The Buckeyes March On

Yesterday I joined a group that headed to Ohio Stadium to watch the Ohio State-Indiana game. On a cold and snowy day, we watched the Buckeyes pulverize the outmatched Hoosiers, 56-14. The win keeps the Men of the Scarlet and Gray undefeated and on track to be in a position to achieve their goals: beating Michigan, winning a Big Ten championship, and competing for a national title.

For the true Buckeyes fan, however, every game, no matter how lopsided, involves good points and areas of lingering concern–because true Buckeye fans hold their gridiron team to impossibly high standards. Yesterday was no exception. The good points included 660 yards of total offense, achieving a nice balance with the ground game and the air attack each racking up more than 300 yards, and five touchdown passes for C.J. Stroud. Putting up these kinds of numbers in cold, snowy conditions is an added plus, because if you play football in the Midwest in November, when the really big games occur, you’ve got to be able to move the ball in cold, sloppy weather conditions. And the Buckeyes’ defense played well, harassing the Hoosier offense throughout the game and holding Indiana to two scores (one coming when the game was well out of reach) and well under 300 yards of offense.

So what are the areas of concern? I’m still worried about Ohio State’s ability to convert in short-yardage situations. Ohio State had some failures on third-and-short yesterday, against a team that doesn’t really match up against the Buckeyes in the trenches. Long runs are great and make the rushing game statistics look good, but as the season winds down, being able to pick up the tough yards, get first downs, and keep the ball in the hands of the offense will become increasingly crucial. The key question that we’ll get answered in the very near future is: can Ohio State and its offensive line do that against a team that has a great defensive line and will make the Buckeyes fight for every yard?

With yesterday’s win, the Buckeyes move to 10-0. Next up is Maryland on the road, and looming behind is That Team Up North, which also stands at 10-0, tied with Ohio State at the top of the Big Ten East. This season is feeling a lot like past seasons, where everything is leading up to The Game once again.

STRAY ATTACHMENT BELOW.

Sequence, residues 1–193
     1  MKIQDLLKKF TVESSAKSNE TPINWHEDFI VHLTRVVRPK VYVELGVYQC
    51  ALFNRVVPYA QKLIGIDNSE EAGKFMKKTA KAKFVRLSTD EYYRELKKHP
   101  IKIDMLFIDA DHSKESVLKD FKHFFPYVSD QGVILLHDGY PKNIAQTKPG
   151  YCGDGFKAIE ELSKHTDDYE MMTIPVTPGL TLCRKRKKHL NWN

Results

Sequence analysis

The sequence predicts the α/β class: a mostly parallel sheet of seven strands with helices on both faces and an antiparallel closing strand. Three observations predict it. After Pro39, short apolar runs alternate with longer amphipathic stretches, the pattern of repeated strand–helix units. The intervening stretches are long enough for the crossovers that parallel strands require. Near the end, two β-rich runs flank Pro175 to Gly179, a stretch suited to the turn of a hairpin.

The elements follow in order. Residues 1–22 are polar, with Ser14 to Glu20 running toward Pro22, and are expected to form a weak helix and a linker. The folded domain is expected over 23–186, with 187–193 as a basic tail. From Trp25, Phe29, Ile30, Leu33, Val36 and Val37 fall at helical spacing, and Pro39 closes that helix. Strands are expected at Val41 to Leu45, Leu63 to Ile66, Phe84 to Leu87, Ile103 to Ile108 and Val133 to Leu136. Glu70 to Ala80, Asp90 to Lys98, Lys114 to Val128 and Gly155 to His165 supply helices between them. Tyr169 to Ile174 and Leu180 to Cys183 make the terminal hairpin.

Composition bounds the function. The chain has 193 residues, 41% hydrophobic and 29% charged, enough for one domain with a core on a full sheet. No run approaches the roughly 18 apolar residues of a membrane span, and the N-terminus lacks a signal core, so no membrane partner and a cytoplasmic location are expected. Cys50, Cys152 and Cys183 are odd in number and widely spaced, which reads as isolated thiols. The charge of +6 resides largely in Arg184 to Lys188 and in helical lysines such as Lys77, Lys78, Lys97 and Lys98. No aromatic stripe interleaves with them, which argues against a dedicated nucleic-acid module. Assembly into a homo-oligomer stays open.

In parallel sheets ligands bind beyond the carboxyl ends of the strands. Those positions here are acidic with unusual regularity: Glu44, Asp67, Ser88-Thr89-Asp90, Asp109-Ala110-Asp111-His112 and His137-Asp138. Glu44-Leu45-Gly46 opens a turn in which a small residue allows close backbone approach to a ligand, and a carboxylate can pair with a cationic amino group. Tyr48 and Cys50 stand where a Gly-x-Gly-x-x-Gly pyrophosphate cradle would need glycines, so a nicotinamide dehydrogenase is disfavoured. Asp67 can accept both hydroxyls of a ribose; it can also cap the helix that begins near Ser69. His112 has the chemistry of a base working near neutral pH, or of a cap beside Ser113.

Our New Look Buckeyes

The Ohio State Buckeyes played their first game of the new season last night. Watching the game was a different experience, due to the date and time–has Ohio State ever played a football game on a Thursday night before?–and the fact that the team opened the season on the road in the Big Ten, before a packed house of rabid Minnesota Golden Gopher fans, and had to come from behind in the second half to pull out a 45-31 win. But mostly it was a different experience because Ohio State’s starters include a lot of new names, on both offense and defense.

On offense, it’s pretty clear that the Buckeyes have plenty of firepower and weapons galore. They have a new quarterback, C.J. Stroud, who played through some first half jitters and had a bad interception before settling down and making lots of good throws as the Buckeyes pulled away. Give some credit to head coach Ryan Day for continuing to dial up pass plays and give Stroud a chance to show his arm. If Stroud can settle down and throw the ball accurately, he’s likely to put up some big numbers this year, because the Buckeye receiving corps is loaded with talent and speed, starting with veterans Chris Olave and Garrett Wilson. And the Buckeyes have a lot of punch in the backfield, too, with Miyan Williams, who rushed for 125 yards on only 9 carries and had a 71-yeard TD burst, dependable Master Teague, and true freshman TreVeyon Henderson, shown in the photo above, who looks like a star in the making.

The defense is another matter. Ohio State’s D was exposed last year by Alabama, and that was a veteran unit. This year’s defense features loads of new players in the defensive backfield and at the linebacker position, and there were some breakdowns last night–including a long run on a gutsy fourth-and-one play by the Gophers–that will need to be fixed. In fairness to the defense, Minnesota had a lot of veteran players at the offensive skill positions and a huge offensive line, and it can be tougher for a defense with a lot of new players to learn to play together as a team. We’ll call the defense a work in progress for now, but we’ll hope that the progress comes quickly, because Ohio State plays Oregon next weekend and the Ducks will be a handful.

It’s the Friday morning before Labor Day, the Buckeyes already have a conference road win under their collective belts, and members of Buckeye Nation have lots to analyze and criticize. It’s not a bad way to start a three-day weekend.